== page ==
Students from Class of 2020 also recognized
U.S. Congressman Mike Johnson told the Louisiana College Class of 2021 graduates that there were “only a handful of institutions in America where God could be honored” the way he was at the Louisiana Baptist Convention college’s 166th Commencement Saturday at the Rapides Coliseum.
In his commencement address, Johnson, who represents Louisiana’s fourth congressional district, offered the students words of encouragement on the beginning of their journeys as college graduates.
“Walk with the Lord; it’s that simple,” Johnson said. “Be humble and faithful in the little things God entrusts you with today. God will reward your faithfulness with more, and you will be set apart.”
LC conferred 178 undergraduate and 65 graduate degrees at the day’s ceremony, which also included many of the 2020 graduates, whose commencement exercises last year were cancelled due to the COVID-19 pandemic.
President Rick Brewer recognized the first seven graduates from the C.S. Lewis Honors College.
Four students from the first cohort of C.S. Lewis Honors College graduated Saturday.
Aaron Howe, B.S., biology
Ragan Delrie, B.S., biology
Carson Elliott. B.S., biology and chemistry
Caitlyn Scheibal, B.S, biology
Three students from the 2018 cohort also completed their degree and Honors College
requirements in three years.
Margaret Avant, B.A., education with math concentration
Lillian Berry, B.S., criminal justice
Samantha O’Banion, B.A., theatre arts
Brewer also made mention that the first graduates from the pre-engineering program were
“You all know our three R’s—relevant, relational and rigorous,” Brewer said to the graduates. “But you all have earned a fourth R—resilient,” alluding to the last 14 months of quarantining, hurricanes and snow storms these students have had to overcome.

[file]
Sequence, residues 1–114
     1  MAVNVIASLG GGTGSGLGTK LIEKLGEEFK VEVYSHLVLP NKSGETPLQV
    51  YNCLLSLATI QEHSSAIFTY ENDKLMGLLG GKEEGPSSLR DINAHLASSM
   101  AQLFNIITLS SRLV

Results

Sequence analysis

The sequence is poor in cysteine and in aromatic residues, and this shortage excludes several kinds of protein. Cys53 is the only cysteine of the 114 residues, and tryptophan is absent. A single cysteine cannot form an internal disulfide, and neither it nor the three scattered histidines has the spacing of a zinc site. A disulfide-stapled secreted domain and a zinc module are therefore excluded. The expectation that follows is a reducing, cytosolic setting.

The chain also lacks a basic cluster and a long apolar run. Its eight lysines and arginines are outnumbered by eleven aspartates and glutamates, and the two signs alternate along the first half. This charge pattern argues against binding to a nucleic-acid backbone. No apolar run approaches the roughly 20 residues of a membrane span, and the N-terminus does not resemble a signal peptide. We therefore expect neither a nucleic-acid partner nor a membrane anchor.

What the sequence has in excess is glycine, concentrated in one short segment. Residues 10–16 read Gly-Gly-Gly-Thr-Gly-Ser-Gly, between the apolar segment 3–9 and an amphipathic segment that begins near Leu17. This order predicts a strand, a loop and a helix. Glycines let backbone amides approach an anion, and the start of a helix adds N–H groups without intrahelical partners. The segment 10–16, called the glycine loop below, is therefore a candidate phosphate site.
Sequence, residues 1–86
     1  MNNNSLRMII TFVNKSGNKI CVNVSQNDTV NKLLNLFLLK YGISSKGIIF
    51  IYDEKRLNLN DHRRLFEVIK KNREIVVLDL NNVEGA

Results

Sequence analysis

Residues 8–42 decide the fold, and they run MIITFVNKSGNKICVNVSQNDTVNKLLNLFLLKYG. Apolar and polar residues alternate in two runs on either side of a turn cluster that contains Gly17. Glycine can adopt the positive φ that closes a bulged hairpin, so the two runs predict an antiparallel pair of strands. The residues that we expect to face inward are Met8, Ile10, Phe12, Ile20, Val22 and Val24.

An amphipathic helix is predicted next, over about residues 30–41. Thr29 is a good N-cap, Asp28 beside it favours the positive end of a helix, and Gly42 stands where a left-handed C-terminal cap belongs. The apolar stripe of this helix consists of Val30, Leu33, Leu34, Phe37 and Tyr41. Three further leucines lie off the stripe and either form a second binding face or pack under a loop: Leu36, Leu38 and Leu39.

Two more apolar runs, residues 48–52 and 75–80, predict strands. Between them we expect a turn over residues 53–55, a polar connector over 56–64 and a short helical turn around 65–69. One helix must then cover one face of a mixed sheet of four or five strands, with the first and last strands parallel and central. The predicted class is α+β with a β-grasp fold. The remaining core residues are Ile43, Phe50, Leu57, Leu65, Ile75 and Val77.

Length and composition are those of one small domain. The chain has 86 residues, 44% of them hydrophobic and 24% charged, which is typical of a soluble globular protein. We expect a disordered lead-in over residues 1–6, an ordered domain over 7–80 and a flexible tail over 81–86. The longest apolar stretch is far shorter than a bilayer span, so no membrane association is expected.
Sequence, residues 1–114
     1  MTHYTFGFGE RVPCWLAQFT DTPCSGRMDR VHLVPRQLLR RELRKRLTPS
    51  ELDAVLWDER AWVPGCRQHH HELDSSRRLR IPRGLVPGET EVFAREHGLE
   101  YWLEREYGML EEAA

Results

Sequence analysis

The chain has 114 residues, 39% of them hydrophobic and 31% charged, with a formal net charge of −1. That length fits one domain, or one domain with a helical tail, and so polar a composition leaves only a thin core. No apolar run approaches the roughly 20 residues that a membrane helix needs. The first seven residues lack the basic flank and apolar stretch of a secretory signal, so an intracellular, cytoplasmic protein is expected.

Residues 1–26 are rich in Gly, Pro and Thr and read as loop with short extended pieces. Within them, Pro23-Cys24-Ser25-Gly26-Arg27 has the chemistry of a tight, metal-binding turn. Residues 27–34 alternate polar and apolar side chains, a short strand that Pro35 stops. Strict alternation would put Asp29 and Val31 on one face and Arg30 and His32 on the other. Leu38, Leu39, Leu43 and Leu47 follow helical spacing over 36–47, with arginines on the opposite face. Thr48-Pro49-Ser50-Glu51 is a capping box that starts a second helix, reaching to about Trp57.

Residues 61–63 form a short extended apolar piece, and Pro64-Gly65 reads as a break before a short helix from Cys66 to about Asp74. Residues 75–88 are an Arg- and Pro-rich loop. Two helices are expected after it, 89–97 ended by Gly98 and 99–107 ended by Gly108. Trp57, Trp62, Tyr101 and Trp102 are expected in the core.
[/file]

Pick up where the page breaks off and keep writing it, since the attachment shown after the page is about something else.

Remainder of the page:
Several graduates were chosen to share part of their LC journey.
“The road was long, but today we celebrate and look forward to new journeys and opportunities,” said Tanner Guidry, a missions and ministries graduate. “One of the greatest things we learned—adversity is something to overcome because of the One who lives inside us.”
In addition to conferring of the degrees, Brewer recognized several with honorary doctorates and distinguished service awards.
Louisiana College bestowed honorary doctorates on Rep. Johnson, who currently serves as Vice Chairman of the House Republican Conference, and on Houston-area businessman and media mogul Earl Heard, who attended LC in the 1960s. A posthumous honorary doctorate was awarded the late Louisiana Gov. Jimmie Davis, LC Class of 1924.
Brewer recognized four with distinguished service awards.
• Janie Wise, women’s missions and ministries strategist for Louisiana Baptist Convention
• The late Dr. Bill Robertson, pastoral leadership team director for Louisiana Baptist Convention (posthumous award)
• Dr. Dewey Dunn (’56) and his wife, Bobbie Dunn (’57), of Nashville. Dr. Dunn taught at Vanderbilt University, and specialized in gastroenterology and internal medicine at the VA Center in Nashville. He is a founding member of the Baptist Medical Dental Fellowship. The Dunns have served together on more than 100 mission trips.
It was a day of celebration for the college, Brewer said, who added he hadn’t shaken that many
hands since COVID introduced us to the term social distancing last spring.
“It’s a blessing to be able to have commencement and to be back together to honor so many well-deserving individuals for their accomplishments,” he said. “The Lord has truly blessed us.”